Sir A. B. FULWOOD said, that in view of the money allowance to the Lord Mayor, he thought that the park should be opened to all interested in the event. He would like to know to what extent the public would be admitted to the opening ceremony.

The Lord Mayor said, it was not deemed advisable to throw open the park free on Saturday afternoon, as it might interfere with the carrying out of the ceremony. The school children of the city had been invited to the number of 12,000. In addition to this provision had been made for 25,000 persons. Each member of the Council had received 10 tickets, and this was an instance to show that the idea of scattering the invitations broadcast had been maintained. [Hear hear].

At a later period of the meeting Alderman F. SMITH proposed the following recommendation of the Parks and Gardens and Improvement Committee :- “That the piece of land situate on the west side of Prince Alfred Rd, Wavertree, south side of High St, , south-east side of Wellington Rd, north side of Smithdown Rd and east side of the London and North Western Railway, and containing 108 acres or thereabouts, and conveyed to the Corporation by deed of gift, dated 20th May 1895 be appropriated, pursuant to section 14 of the Liverpool Improvement Act , 1865, as a place of recreation for the inhabitants of the city, and that it be called the “Wavertree Recreation Ground”.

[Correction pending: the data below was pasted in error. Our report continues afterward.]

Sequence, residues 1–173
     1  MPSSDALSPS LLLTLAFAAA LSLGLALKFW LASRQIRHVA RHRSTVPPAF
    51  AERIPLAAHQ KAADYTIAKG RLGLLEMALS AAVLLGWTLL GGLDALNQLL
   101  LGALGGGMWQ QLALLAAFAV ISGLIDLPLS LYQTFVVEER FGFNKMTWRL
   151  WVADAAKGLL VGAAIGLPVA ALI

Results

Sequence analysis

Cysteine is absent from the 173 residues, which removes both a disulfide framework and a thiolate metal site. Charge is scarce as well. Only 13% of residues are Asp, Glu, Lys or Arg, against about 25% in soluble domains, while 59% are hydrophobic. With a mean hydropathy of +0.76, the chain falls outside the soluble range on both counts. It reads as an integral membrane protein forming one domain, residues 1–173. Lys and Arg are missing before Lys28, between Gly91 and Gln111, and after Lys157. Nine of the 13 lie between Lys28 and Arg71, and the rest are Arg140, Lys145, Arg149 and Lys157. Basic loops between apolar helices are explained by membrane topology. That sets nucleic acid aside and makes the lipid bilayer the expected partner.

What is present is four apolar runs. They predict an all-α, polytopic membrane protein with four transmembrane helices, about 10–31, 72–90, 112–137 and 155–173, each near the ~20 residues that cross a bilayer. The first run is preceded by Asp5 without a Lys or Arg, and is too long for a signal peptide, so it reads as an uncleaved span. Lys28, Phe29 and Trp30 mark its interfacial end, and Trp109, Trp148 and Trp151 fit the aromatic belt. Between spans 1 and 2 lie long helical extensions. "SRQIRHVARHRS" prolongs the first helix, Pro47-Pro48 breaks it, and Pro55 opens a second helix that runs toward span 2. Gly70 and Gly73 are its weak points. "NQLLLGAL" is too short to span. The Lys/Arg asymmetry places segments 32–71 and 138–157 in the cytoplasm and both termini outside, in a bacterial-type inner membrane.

Mr BURGESS said that he did not wish this piece of land to be named as the committee proposed. In the letter in which the noble gift was announced to the Council, Mr RHIND wrote that the name should be, “Wavertree Playground”.

Mr TOPP asked if the opinion of Mr HOLT the donor, had been ascertained on the matter ? He was told that he had no right to mention Mr HOLT’S name, but he maintained that the name should be permanently associated with the playground. Posterity should know to whom they owed the gift, and he trusted that a way could be found to associate Mr HOLT’S name with it.

Alderman SMITH said that he had seen Mr RHIND that morning and that he particularly desired that whilst the naming of the grounds should be entirely within the control of the Council no name shall be associated with it. The Parks Committee in regard to the name, had no feeling in the matter, and if the Council would like it to be playground, playground let it be.

The resolution of Alderman SMITH was then adopted, with the substitution of playground for the words recreational ground.